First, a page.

The U.S. chief of Toyota, the world's second-largest automaker, urged competitors to join Toyota for a summit on issues such as global...
The U.S. chief of Toyota, the world’s second-largest automaker, urged competitors to join Toyota for a summit on issues such as global warming so the industry can influence environmental regulations.
“I propose we put together a meeting of top automotive leaders in a neutral location where we all leave our company name badges at the door,” Jim Press, president of Toyota’s U.S. sales unit, said yesterday in a speech in Traverse City, Mich.
“Think what we could do with issues like CAFE and global warming if we join hands and develop our own vision for the future, rather than waiting for regulators to do it for us.” CAFE is short for Corporate Average Fuel Economy, the U.S. rules that govern fuel efficiency in cars and light trucks.
Regulators in California, Toyota’s U.S. sales base, are preparing to implement in 2009 the nation’s first program designed to curb auto emissions linked to global warming. Toyota and most of the largest automakers in the United States, through the Alliance of Automobile Manufacturers, filed a suit last year in federal court in California to block the state’s initiative.
- Nurse dies from injuries in attack near CenturyLink Field
- Woman knocked unconscious by falling drone during Seattle's Pride parade
- Residents return to ‘war zone’ in wake of Wenatchee wildfire
- Legislature OKs new budget with rare tuition cuts and pay raises for teachers
- Tukwila group to submit expansion application to NHL
Most Read Stories
The California plan, when fully implemented in 10 years, would require new cars sold in the state to travel an average of 43 miles on a gallon of gasoline, according to a study by the Washington-based World Resources Institute.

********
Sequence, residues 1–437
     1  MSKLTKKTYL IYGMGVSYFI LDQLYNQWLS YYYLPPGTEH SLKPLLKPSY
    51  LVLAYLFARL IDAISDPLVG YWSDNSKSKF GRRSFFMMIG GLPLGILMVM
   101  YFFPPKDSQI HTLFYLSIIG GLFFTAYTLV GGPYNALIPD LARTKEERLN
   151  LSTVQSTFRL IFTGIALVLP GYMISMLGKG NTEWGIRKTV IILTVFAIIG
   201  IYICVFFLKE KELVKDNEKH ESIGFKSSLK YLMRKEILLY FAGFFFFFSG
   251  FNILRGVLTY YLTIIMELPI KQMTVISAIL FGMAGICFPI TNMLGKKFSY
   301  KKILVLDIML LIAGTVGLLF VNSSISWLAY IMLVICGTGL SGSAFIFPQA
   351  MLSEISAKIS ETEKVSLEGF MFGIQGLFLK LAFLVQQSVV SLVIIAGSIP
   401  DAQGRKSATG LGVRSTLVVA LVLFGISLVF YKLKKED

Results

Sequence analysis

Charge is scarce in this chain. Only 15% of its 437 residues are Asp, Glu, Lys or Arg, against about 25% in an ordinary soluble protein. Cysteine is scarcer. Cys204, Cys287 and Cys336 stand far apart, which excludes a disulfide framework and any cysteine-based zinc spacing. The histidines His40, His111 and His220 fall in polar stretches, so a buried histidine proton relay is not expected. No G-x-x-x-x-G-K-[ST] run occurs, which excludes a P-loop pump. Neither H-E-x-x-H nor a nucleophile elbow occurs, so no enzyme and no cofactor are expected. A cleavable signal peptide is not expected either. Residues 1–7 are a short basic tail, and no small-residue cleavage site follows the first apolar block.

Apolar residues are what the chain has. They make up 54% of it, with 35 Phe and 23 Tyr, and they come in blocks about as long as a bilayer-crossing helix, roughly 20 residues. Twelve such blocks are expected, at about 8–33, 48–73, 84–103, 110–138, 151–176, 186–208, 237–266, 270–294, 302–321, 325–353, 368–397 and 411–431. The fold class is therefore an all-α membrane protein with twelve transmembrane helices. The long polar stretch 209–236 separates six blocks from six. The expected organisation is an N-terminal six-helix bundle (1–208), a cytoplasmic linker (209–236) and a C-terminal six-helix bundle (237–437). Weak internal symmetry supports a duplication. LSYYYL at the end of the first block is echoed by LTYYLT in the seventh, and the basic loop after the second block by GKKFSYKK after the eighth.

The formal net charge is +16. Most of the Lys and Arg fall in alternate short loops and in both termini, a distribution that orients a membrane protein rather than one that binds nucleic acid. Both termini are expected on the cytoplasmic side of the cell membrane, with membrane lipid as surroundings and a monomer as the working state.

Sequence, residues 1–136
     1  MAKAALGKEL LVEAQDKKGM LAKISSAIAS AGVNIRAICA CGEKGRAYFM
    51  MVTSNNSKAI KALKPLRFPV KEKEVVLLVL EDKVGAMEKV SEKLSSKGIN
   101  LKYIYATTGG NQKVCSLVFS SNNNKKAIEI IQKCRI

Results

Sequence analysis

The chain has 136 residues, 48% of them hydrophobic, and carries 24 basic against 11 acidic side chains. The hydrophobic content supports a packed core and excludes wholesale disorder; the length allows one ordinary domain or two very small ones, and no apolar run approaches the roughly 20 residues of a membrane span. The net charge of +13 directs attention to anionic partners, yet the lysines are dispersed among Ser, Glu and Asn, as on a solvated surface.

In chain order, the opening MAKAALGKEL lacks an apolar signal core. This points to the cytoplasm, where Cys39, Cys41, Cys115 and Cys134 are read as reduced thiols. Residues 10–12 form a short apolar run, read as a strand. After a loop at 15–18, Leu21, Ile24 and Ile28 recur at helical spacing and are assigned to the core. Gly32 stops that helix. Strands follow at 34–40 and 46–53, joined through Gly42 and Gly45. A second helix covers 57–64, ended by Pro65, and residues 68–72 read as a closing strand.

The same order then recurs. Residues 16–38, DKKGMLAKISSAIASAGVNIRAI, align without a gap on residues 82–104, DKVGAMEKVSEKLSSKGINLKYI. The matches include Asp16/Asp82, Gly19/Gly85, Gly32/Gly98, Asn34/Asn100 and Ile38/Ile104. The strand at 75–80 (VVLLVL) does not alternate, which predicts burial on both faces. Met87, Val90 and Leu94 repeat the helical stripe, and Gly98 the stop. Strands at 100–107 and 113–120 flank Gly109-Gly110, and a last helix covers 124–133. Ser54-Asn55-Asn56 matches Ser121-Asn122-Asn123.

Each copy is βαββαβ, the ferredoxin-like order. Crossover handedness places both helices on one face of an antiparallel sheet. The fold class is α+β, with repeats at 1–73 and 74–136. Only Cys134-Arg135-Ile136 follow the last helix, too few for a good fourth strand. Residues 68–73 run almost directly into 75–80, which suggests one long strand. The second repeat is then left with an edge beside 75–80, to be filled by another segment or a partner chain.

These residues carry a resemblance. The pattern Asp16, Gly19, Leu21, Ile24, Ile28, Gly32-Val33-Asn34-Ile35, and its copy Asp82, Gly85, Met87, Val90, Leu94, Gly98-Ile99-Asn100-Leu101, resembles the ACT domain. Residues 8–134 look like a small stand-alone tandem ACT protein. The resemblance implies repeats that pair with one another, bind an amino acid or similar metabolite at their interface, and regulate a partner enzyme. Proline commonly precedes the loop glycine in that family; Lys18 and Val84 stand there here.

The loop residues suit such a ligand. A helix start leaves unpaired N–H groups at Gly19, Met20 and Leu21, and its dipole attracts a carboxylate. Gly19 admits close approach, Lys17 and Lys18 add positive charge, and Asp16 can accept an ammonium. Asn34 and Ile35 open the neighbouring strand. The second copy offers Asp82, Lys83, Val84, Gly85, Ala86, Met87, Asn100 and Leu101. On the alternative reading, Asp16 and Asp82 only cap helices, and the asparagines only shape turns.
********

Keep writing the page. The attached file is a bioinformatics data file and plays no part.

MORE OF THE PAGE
Current U.S. rules under CAFE require car fleets to get 27.5 miles per gallon and light trucks to get 21 miles.
A meeting among automakers “is a very good idea,” said Dennis Virag, president of the Automotive Consulting Group in Ann Arbor, Mich. “Everyone is facing the same issues.”
Toyota, based in Toyota City, Japan, began selling fuel-saving gasoline-electric hybrid cars in 1997 and has marketed its environmental record. The company said last month it plans to add a gasoline-electric pickup truck to its hybrid lineup.
A conference of automakers is needed “because our future depends on it,” Press said. “Now is the time because there’s a new spirit of cooperation within government, universities and advocacy groups.”
In an interview later, Press said, “Instead of trying to block legislation, we should steer it.” He said he had reviewed the idea with other companies and had received “positive feedback.” He declined to specify which companies.
Press also said Toyota may generate up to 25 percent of U.S. sales from gasoline-electric hybrid vehicles by 2010. The company has a goal of selling 1 million hybrid cars and trucks annually, of which about 600,000 would be in the United States, he said during the speech.
Toyota’s U.S. shares fell 59 cents to $76.36 yesterday.